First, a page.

The love story of South Korean filmmaker Shin Sang-ok and actress Choi Eun-hee reads like an international espionage novel that you might find in the spin-rack of a used book store. It seems invented, improbable, and unbelievable, but even fiction - by way of imagination - can provide insight into lives and experiences that are worlds apart from our own frame of reference. However, THE LOVERS AND THE DESPOT is far from fiction; the gripping tale that surrounds - defines! - this documentary is no paperback yarn, but a horrific true-to-life account.
Co-Directors Ross Adam and Robert Cannan's conventional, talking head documentary chronicles the separate kidnappings of the filmmaker and actress couple by North Korean dictator Kim Jong-il, where following years of torture, interrogation, and imprisonment the two are reunited and tasked with the absurd chore of being North Korea's (and the supreme leader's) personal filmmaking team. In order to survive, and preserve hope of escape, together Shin Sang-ok and Choi Eun-hee made seventeen feature films for the obsessive leader-cum-cinephile.
The story is undeniably chilling, especially owed to the stern-faced accounts of former government agents and informants who lend colorful, declassified anecdotes to the overall story. In particular, the appearance of noted film advocate and programmer Pierre Rissient - who has been a fixture in virtually every film scene worldwide for the past fifty years - is a pleasant reminder of his influence, mentorship, and ever-present good nature within film. Most of all, a particularly creative gesture on the part of the directors is the inclusion of carefully selected scenes spanning Shin Sang-ok's filmography to illuminate particularly harrowing sections of the story for which there is otherwise no photographic evidence or archival sound recording. In the most beautiful way, the scenes from Shin Sang-ok's films - although removed from their individual narrative context and often left unclarified as to where the segment originates - broadly illustrate the story being told. A creative solution to a potentially significant problem - wanting to tell a story, but not being able to visually represent the intrigue - this device also avoids the possible exhaustion that can result from simply listing, then showing one film after another as a kind of checklist.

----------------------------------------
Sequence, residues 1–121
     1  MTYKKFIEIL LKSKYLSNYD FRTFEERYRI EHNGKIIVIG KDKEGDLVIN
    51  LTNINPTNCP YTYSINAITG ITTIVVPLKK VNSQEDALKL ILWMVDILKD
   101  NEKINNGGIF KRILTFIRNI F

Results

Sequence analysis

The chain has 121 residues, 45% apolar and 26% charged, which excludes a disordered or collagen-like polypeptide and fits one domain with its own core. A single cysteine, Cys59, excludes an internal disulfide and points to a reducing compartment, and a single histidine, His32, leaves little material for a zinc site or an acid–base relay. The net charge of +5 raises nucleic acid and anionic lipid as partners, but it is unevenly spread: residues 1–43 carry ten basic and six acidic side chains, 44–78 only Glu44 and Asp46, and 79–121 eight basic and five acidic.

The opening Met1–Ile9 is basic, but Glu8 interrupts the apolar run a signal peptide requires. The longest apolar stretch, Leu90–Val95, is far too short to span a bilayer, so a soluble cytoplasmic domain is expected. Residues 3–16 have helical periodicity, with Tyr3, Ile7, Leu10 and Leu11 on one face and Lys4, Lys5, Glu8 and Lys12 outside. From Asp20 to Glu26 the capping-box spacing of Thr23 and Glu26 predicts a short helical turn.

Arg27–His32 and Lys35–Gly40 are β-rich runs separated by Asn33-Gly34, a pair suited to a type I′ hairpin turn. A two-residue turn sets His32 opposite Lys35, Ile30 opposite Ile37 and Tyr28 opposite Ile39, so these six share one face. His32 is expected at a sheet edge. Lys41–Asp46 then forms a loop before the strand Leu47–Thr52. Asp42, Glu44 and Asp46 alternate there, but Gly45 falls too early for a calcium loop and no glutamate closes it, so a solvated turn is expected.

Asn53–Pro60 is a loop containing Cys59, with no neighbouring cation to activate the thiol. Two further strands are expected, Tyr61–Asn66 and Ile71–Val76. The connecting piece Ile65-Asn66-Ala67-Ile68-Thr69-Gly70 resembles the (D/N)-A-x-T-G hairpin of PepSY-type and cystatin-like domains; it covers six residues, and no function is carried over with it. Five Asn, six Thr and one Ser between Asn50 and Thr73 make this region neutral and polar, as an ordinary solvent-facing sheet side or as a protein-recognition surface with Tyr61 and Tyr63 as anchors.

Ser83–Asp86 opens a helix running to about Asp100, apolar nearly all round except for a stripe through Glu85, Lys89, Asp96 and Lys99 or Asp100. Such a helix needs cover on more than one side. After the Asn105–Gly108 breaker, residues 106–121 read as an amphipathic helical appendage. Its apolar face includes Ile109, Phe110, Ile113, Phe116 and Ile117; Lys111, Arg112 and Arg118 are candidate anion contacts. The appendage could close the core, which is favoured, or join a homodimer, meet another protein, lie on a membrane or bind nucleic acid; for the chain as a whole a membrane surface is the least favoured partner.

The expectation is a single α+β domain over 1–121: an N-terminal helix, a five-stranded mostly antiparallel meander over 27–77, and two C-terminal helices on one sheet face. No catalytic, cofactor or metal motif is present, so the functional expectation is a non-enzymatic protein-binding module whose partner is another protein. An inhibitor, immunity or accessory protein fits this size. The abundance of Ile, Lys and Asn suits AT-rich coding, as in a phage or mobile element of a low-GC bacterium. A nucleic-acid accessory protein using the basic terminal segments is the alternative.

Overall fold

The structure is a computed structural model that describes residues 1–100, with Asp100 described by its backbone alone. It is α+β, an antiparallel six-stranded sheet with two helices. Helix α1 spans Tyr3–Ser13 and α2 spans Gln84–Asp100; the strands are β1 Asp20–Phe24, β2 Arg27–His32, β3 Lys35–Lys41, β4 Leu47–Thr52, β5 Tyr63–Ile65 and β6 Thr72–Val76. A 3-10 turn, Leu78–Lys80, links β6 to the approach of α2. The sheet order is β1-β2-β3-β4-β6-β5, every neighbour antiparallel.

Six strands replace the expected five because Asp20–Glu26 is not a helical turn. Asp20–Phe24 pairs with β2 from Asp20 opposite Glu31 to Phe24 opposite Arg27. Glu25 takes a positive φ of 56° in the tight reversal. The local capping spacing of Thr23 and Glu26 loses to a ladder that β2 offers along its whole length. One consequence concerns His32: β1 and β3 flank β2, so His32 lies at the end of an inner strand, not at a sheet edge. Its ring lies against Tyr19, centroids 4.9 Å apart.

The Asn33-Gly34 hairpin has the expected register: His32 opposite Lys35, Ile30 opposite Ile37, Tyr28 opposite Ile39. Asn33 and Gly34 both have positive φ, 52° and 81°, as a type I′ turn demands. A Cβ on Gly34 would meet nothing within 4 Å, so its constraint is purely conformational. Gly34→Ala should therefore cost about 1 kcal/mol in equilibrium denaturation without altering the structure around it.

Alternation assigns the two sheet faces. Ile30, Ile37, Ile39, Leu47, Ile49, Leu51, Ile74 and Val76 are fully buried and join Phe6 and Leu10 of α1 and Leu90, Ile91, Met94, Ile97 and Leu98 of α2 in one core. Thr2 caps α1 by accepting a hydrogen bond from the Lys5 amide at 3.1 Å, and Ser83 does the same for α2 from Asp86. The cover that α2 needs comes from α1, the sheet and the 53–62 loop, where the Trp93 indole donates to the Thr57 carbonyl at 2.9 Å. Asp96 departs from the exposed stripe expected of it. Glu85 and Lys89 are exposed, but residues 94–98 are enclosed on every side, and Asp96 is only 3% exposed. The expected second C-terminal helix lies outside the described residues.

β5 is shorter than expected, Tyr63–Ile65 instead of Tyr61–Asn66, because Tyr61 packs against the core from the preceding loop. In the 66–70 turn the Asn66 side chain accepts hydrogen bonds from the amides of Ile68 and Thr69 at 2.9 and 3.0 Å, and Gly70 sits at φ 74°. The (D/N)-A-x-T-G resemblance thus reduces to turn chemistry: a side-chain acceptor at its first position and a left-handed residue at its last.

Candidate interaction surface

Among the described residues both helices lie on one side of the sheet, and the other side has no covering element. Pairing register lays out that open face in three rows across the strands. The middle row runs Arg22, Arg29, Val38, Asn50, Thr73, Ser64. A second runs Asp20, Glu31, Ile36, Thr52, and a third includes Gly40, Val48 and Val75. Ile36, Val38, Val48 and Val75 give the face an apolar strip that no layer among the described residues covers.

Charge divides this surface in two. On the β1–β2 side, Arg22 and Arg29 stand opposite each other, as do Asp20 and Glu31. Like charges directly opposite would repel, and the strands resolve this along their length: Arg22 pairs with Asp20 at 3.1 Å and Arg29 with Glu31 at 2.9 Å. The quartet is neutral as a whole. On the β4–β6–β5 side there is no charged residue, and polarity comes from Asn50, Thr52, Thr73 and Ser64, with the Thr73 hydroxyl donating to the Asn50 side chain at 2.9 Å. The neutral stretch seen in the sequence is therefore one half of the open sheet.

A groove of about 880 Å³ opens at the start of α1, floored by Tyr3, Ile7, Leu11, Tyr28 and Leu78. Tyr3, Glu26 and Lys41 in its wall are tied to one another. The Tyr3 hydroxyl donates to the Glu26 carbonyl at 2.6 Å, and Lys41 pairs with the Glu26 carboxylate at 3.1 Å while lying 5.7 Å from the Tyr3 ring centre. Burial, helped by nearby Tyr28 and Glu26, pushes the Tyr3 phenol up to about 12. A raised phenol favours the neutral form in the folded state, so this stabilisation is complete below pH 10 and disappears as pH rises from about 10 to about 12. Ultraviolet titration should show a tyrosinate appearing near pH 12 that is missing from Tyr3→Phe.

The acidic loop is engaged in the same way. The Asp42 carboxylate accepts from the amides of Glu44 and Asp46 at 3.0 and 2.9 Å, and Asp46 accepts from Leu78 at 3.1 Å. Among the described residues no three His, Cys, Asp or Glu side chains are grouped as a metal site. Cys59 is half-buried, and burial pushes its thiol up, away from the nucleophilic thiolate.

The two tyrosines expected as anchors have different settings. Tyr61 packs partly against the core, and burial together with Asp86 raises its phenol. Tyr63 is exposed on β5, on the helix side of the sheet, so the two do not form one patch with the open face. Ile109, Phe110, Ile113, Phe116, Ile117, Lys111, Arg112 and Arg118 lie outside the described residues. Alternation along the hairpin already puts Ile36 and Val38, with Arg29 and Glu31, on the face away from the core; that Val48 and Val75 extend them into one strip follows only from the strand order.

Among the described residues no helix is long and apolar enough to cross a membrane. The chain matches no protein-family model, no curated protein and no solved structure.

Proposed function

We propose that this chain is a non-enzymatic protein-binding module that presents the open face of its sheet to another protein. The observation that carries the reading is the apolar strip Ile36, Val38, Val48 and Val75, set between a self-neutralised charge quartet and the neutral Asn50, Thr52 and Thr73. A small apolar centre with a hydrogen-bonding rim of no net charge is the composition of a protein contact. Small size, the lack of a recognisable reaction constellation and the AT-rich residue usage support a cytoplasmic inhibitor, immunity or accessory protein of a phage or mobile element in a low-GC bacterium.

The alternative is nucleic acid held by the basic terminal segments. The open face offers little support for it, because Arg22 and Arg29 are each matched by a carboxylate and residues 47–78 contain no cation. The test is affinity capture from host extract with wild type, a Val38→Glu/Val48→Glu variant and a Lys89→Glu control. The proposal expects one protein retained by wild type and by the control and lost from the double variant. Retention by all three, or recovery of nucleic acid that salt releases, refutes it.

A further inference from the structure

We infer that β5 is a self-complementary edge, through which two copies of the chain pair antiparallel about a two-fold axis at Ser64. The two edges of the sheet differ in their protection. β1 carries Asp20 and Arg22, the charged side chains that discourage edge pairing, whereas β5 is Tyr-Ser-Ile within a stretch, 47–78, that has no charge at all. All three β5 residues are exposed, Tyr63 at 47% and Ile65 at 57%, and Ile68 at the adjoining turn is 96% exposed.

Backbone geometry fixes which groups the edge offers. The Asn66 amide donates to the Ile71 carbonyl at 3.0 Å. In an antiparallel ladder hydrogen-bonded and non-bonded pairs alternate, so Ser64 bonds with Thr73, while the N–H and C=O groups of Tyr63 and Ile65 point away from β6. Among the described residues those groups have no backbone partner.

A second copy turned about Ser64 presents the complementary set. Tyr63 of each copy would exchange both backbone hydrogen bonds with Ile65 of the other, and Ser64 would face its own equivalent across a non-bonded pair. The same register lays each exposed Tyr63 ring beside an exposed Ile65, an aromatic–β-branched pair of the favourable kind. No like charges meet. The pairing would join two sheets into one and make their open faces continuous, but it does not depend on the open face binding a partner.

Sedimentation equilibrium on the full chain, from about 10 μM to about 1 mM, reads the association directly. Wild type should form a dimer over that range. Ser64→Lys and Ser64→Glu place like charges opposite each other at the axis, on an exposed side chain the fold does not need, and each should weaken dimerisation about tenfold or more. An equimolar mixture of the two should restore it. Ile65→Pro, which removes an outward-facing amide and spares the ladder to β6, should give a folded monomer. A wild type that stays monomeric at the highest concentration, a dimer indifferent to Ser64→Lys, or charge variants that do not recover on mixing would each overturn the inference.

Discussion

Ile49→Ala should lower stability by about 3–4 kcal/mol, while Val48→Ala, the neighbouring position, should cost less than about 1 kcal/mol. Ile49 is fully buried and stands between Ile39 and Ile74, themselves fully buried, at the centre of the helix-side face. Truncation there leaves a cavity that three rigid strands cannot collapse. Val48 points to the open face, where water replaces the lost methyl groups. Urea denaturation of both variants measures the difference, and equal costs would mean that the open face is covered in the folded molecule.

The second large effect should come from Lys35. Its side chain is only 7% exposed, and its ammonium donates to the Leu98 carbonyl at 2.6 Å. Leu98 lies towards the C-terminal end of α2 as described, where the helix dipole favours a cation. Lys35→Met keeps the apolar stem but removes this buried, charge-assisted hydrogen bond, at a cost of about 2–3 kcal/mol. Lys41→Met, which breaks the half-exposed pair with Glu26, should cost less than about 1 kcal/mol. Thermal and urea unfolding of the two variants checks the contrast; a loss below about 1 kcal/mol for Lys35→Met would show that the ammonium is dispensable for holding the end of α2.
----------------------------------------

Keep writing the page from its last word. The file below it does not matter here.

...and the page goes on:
Albeit somewhat conventional in terms of its formal documentary qualifications, THE LOVER AND THE DESPOT relates a gripping, important, and treacherous tale that employs some memorably crafty ingenuity in its telling.
- Samuel B. Prime
Founder, LA Ciné Salon